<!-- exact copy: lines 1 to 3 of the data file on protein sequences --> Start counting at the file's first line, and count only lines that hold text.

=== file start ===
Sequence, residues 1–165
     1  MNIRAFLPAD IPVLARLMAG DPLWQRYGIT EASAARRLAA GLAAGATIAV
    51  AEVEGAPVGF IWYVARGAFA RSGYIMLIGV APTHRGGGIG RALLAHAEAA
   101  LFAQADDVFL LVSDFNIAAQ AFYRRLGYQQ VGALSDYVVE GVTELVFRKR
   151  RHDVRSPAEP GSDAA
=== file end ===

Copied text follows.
Sequence, residues 1–165
     1  MNIRAFLPAD IPVLARLMAG DPLWQRYGIT EASAARRLAA GLAAGATIAV
    51  AEVEGAPVGF IWYVARGAFA RSGYIMLIGV APTHRGGGIG RALLAHAEAA